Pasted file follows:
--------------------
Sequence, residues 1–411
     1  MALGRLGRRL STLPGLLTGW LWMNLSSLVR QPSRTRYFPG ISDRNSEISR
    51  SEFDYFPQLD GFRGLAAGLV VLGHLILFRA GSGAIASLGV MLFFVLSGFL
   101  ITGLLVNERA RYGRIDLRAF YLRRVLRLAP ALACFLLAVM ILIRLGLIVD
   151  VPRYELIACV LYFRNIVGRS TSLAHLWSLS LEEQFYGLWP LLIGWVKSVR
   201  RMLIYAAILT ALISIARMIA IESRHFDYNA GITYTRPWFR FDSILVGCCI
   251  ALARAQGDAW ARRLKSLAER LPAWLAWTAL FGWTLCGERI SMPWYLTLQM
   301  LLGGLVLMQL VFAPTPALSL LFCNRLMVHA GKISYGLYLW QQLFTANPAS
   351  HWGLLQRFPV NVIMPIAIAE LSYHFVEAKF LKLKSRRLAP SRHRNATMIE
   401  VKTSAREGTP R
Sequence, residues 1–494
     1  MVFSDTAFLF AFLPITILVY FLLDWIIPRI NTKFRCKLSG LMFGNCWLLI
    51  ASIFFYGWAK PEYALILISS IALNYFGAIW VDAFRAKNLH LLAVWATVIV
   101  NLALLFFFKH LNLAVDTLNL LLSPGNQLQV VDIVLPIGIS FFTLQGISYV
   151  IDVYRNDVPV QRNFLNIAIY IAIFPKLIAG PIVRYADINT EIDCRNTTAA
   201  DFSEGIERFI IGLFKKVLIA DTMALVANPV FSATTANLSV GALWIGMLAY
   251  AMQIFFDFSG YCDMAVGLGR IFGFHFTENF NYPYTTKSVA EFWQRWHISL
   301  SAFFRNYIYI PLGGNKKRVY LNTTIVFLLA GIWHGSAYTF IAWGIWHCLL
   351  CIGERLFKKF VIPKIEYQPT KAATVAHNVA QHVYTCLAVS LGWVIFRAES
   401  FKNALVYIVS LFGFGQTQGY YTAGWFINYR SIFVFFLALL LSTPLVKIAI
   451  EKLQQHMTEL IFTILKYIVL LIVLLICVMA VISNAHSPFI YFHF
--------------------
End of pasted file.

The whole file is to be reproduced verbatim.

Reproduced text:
Sequence, residues 1–411
     1  MALGRLGRRL STLPGLLTGW LWMNLSSLVR QPSRTRYFPG ISDRNSEISR
    51  SEFDYFPQLD GFRGLAAGLV VLGHLILFRA GSGAIASLGV MLFFVLSGFL
   101  ITGLLVNERA RYGRIDLRAF YLRRVLRLAP ALACFLLAVM ILIRLGLIVD
   151  VPRYELIACV LYFRNIVGRS TSLAHLWSLS LEEQFYGLWP LLIGWVKSVR
   201  RMLIYAAILT ALISIARMIA IESRHFDYNA GITYTRPWFR FDSILVGCCI
   251  ALARAQGDAW ARRLKSLAER LPAWLAWTAL FGWTLCGERI SMPWYLTLQM
   301  LLGGLVLMQL VFAPTPALSL LFCNRLMVHA GKISYGLYLW QQLFTANPAS
   351  HWGLLQRFPV NVIMPIAIAE LSYHFVEAKF LKLKSRRLAP SRHRNATMIE
   401  VKTSAREGTP R
Sequence, residues 1–494
     1  MVFSDTAFLF AFLPITILVY FLLDWIIPRI NTKFRCKLSG LMFGNCWLLI
    51  ASIFFYGWAK PEYALILISS IALNYFGAIW VDAFRAKNLH LLAVWATVIV
   101  NLALLFFFKH LNLAVDTLNL LLSPGNQLQV VDIVLPIGIS FFTLQGISYV
   151  IDVYRNDVPV QRNFLNIAIY IAIFPKLIAG PIVRYADINT EIDCRNTTAA
   201  DFSEGIERFI IGLFKKVLIA DTMALVANPV FSATTANLSV GALWIGMLAY
   251  AMQIFFDFSG YCDMAVGLGR IFGFHFTENF NYPYTTKSVA EFWQRWHISL
   301  SAFFRNYIYI PLGGNKKRVY LNTTIVFLLA GIWHGSAYTF IAWGIWHCLL
   351  CIGERLFKKF VIPKIEYQPT KAATVAHNVA QHVYTCLAVS LGWVIFRAES
   401  FKNALVYIVS LFGFGQTQGY YTAGWFINYR SIFVFFLALL LSTPLVKIAI
   451  EKLQQHMTEL IFTILKYIVL LIVLLICVMA VISNAHSPFI YFHF